My latest with The New Republic looks at the Obama administration’s blinkered decision to donate massive amounts of armor to Uzbekistan:
In 2012, Washington quietly opted to lift a ban on military aid to Karimov that had been in place for nearly a decade—a move the Obama administration supported. Geopolitical realities had shifted. Russia and its military stood resurgent in the region, while the United States was growing more dependent on central Asia for Afghanistan access—thanks to inflamed tensions with Pakistan—as it lost standing in neighboring Kyrgyzstan. That Kyrgyz toehold is now gone, a casualty of blowback against American support for Kyrgyzstan’s now-ousted autocratic regime. With this latest donation, it appears the United States is trying to maintain leverage in a region that has been shopping Moscow and Beijing for patronage.
But this isn’t 2002. The United States doesn’t need to buy off regional pariah regimes, swapping goods for access to Afghanistan. “The timing of this is shocking,” Luca Anceschi, a lecturer in Central Asian Studies at the University of Glasgow, told me. “It shows [the administration] has no regional sensitivity.… I can’t see why they’re doing this now. It absolutely makes no sense to me.”
Over at The Diplomat, meanwhile, I tossed cold water on the claims of Central Asians surging to join ISIS:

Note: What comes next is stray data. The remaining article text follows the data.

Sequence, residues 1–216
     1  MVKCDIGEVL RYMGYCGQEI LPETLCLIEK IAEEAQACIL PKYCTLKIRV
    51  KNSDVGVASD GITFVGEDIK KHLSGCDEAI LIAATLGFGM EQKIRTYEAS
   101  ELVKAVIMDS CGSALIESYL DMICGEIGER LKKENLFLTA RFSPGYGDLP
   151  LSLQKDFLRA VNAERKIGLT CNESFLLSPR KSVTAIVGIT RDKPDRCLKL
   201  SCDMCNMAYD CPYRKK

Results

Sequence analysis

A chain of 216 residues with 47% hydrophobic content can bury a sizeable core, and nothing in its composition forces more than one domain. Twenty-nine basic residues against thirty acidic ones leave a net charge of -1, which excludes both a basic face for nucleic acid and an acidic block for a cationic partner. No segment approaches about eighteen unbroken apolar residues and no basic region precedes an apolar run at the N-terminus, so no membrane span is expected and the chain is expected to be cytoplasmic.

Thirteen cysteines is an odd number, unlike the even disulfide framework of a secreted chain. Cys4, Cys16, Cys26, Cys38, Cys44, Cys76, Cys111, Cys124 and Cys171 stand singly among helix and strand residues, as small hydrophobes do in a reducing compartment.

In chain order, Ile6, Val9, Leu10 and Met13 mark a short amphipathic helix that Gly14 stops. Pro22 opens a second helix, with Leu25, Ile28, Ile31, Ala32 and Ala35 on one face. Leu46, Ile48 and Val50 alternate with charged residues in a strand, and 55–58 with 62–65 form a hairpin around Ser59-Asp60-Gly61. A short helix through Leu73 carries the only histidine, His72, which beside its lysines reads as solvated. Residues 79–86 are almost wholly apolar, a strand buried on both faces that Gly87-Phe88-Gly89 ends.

There have been no signs since October of the colossal increase in Central Asian fighters ICSR claims. While this may be, partly, an attempt to correct the fact that the prior report failed to note anyone outside of Kyrgyzstan joining ISIS, it’s simultaneously disingenuous to claim that the regional numbers have grown from 30 to 1,400 in a matter of three months. Moreover, while ICSR notes that tabulating the fighters isn’t an “exact science,” some of the numbers proffered for regional fighters are in fact oddly exact. Between the 190 fighters from Tajikistan and the 360 from Turkmenistan, ICSR’s estimates carry implications of accuracy that, unfortunately, doesn’t exist. While they remain somewhat close to governmental estimates – Kazakhstan at 300, Tajikistan at 200 – they attempted to offer an estimate that was too fine by half.